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Gene Editing Checkpoint Molecule Genes for the Treatment of Cancer
Checkpoint molecule genes act to prevent the immune system from attacking normal cells. In many cancers, the expression of checkpoint molecule genes by cancer cells prevents their destruction by the immune system (a “cold” tumor).
Our scientists developed a method for treating cancer by inactivating checkpoint molecule genes in cancer cells using mRNA encoding gene-editing proteins to unmask the cancer cells to the immune system, and thus turn a “cold” tumor “hot”.
Gene Editing Checkpoint Molecule Genes for the Treatment of Cancer is protected by four U.S. patents (with additional patents pending in the U.S. and in other countries). Of note, certain granted patents include claims that are not limited by type of cancer, specific checkpoint molecule gene, mRNA sequence or chemistry, or type of gene-editing protein.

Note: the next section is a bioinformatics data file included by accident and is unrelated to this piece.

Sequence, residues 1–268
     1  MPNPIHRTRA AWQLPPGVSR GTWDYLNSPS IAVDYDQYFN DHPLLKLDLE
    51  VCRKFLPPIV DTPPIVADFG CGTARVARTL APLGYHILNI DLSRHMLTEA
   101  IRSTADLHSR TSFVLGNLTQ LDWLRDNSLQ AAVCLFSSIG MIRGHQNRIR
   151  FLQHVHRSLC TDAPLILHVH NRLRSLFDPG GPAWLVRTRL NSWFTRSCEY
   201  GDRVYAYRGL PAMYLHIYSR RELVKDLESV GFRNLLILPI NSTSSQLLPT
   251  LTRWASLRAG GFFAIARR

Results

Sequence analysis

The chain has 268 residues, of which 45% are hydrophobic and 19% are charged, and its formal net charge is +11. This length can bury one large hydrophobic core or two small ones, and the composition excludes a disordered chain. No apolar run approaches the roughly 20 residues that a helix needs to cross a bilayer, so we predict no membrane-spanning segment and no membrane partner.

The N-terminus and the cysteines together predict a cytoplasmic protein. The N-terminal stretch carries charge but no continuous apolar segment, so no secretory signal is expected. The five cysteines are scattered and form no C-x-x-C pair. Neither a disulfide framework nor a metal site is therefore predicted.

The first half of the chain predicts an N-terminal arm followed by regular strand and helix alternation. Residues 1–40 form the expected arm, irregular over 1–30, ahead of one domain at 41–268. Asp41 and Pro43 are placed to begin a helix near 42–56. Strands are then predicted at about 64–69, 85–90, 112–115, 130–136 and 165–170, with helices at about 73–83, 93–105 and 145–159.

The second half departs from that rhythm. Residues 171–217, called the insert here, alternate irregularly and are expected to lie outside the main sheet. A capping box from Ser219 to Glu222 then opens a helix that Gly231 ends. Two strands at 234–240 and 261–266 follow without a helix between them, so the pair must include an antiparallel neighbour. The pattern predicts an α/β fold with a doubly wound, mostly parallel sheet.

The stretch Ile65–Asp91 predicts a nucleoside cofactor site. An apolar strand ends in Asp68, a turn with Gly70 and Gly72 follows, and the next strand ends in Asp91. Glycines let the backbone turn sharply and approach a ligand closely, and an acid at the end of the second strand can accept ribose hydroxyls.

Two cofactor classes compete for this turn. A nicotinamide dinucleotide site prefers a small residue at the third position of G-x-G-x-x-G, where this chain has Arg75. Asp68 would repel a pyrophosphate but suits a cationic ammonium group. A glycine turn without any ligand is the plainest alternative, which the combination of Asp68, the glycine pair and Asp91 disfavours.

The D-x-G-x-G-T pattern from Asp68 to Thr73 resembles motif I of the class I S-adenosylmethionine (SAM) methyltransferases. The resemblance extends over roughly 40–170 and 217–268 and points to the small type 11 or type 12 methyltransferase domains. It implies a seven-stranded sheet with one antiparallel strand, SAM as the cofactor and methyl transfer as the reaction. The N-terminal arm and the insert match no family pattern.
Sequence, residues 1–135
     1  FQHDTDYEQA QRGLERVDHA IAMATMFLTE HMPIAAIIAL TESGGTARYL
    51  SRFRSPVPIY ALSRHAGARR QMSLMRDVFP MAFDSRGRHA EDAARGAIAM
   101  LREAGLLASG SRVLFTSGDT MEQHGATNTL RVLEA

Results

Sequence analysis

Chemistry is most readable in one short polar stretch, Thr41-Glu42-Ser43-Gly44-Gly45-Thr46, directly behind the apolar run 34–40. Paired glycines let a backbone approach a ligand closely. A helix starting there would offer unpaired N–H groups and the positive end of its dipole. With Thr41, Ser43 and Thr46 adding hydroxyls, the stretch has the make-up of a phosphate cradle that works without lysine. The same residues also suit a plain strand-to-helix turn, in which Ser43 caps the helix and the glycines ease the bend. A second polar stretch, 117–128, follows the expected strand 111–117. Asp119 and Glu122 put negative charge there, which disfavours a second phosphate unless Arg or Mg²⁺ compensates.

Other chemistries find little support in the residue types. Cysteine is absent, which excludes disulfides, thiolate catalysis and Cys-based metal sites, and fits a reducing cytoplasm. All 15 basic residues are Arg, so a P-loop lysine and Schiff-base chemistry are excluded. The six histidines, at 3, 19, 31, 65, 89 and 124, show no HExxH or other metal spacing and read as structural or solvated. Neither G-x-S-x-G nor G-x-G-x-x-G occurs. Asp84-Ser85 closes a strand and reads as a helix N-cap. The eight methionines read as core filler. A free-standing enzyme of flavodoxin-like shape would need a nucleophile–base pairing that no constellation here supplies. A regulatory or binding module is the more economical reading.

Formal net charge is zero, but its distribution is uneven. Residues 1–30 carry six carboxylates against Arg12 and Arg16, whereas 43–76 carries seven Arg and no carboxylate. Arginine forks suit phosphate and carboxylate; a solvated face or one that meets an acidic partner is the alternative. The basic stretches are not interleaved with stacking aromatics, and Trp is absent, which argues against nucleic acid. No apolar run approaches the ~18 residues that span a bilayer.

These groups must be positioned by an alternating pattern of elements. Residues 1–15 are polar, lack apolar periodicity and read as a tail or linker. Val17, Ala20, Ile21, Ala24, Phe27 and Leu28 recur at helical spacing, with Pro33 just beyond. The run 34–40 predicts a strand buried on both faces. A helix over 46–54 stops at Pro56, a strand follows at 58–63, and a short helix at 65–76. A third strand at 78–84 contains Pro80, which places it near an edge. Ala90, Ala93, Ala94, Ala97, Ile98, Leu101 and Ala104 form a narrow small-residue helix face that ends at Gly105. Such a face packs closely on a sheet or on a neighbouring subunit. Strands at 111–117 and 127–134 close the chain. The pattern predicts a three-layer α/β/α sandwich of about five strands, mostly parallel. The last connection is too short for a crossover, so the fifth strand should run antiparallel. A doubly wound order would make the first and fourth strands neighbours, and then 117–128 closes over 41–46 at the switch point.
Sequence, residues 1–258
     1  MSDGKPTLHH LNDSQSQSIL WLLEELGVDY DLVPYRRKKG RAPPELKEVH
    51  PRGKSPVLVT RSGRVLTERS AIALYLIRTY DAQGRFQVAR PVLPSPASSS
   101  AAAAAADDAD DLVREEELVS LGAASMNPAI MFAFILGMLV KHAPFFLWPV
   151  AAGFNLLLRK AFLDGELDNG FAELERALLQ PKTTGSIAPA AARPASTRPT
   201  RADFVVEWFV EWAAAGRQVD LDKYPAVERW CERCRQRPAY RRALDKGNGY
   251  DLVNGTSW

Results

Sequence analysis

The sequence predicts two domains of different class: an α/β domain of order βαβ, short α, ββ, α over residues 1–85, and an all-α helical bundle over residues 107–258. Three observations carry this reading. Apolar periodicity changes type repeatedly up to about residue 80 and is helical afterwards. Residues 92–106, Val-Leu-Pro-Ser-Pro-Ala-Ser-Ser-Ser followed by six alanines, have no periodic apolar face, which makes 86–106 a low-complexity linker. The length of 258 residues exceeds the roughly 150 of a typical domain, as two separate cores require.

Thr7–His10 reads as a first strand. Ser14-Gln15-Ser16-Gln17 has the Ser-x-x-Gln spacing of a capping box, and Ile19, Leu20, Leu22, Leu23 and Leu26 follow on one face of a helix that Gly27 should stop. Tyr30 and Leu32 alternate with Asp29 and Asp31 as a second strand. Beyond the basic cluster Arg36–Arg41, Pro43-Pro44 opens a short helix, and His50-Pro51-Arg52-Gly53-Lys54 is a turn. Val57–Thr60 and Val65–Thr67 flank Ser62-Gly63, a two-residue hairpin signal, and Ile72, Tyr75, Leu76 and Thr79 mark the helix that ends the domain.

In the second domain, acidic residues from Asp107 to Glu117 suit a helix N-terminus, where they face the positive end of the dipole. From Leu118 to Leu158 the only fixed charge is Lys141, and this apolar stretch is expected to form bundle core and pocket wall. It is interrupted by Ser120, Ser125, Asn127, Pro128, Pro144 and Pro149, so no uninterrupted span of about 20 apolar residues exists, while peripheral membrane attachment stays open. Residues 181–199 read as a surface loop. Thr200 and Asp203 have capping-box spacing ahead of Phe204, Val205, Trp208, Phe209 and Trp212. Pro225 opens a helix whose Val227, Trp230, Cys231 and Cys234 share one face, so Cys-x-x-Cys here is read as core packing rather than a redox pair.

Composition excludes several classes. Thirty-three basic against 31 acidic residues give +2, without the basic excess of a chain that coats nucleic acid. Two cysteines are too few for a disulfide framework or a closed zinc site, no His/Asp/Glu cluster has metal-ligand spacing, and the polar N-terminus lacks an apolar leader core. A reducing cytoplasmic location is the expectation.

- Inactivate checkpoint molecule genes in tumor cells to unmask them to the immune system
- Treat metastatic disease by training the immune system on unmasked tumor cells
- Combine with Factor’s Chromatin Context-Sensitive Gene-Editing Endonuclease for high-specificity inactivation of target checkpoint molecule genes
- Combine with Factor’s ToRNAdo™ Nucleic-Acid Delivery System for high-efficiency delivery to tumor cells in vivo
- Inactivate multiple checkpoint molecule genes to unmask multi-pathway-resistant tumor cells
Figure 1. Gene editing the TRAC gene and the checkpoint molecule gene PD1 in human iPS cells.